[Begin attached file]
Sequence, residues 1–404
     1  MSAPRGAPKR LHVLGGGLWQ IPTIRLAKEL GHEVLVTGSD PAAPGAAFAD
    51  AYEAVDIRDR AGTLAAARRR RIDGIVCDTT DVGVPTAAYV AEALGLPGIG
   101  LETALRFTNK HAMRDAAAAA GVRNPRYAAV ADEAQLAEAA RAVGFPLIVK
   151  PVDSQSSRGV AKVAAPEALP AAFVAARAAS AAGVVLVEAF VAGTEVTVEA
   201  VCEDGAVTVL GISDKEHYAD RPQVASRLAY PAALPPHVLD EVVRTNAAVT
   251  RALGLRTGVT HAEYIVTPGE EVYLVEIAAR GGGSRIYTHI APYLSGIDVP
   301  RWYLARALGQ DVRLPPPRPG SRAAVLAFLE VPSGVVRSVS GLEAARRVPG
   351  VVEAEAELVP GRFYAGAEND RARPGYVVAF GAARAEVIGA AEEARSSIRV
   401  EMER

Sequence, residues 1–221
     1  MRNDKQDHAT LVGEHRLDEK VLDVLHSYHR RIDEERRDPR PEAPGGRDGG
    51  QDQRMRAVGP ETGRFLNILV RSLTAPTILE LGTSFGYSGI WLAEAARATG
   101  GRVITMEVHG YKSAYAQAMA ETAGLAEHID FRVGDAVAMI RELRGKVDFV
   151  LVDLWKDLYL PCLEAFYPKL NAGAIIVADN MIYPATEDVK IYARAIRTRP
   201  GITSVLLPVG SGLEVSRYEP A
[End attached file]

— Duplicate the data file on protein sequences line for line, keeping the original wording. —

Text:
Sequence, residues 1–404
     1  MSAPRGAPKR LHVLGGGLWQ IPTIRLAKEL GHEVLVTGSD PAAPGAAFAD
    51  AYEAVDIRDR AGTLAAARRR RIDGIVCDTT DVGVPTAAYV AEALGLPGIG
   101  LETALRFTNK HAMRDAAAAA GVRNPRYAAV ADEAQLAEAA RAVGFPLIVK
   151  PVDSQSSRGV AKVAAPEALP AAFVAARAAS AAGVVLVEAF VAGTEVTVEA
   201  VCEDGAVTVL GISDKEHYAD RPQVASRLAY PAALPPHVLD EVVRTNAAVT
   251  RALGLRTGVT HAEYIVTPGE EVYLVEIAAR GGGSRIYTHI APYLSGIDVP
   301  RWYLARALGQ DVRLPPPRPG SRAAVLAFLE VPSGVVRSVS GLEAARRVPG
   351  VVEAEAELVP GRFYAGAEND RARPGYVVAF GAARAEVIGA AEEARSSIRV
   401  EMER

Sequence, residues 1–221
     1  MRNDKQDHAT LVGEHRLDEK VLDVLHSYHR RIDEERRDPR PEAPGGRDGG
    51  QDQRMRAVGP ETGRFLNILV RSLTAPTILE LGTSFGYSGI WLAEAARATG
   101  GRVITMEVHG YKSAYAQAMA ETAGLAEHID FRVGDAVAMI RELRGKVDFV
   151  LVDLWKDLYL PCLEAFYPKL NAGAIIVADN MIYPATEDVK IYARAIRTRP
   201  GITSVLLPVG SGLEVSRYEP A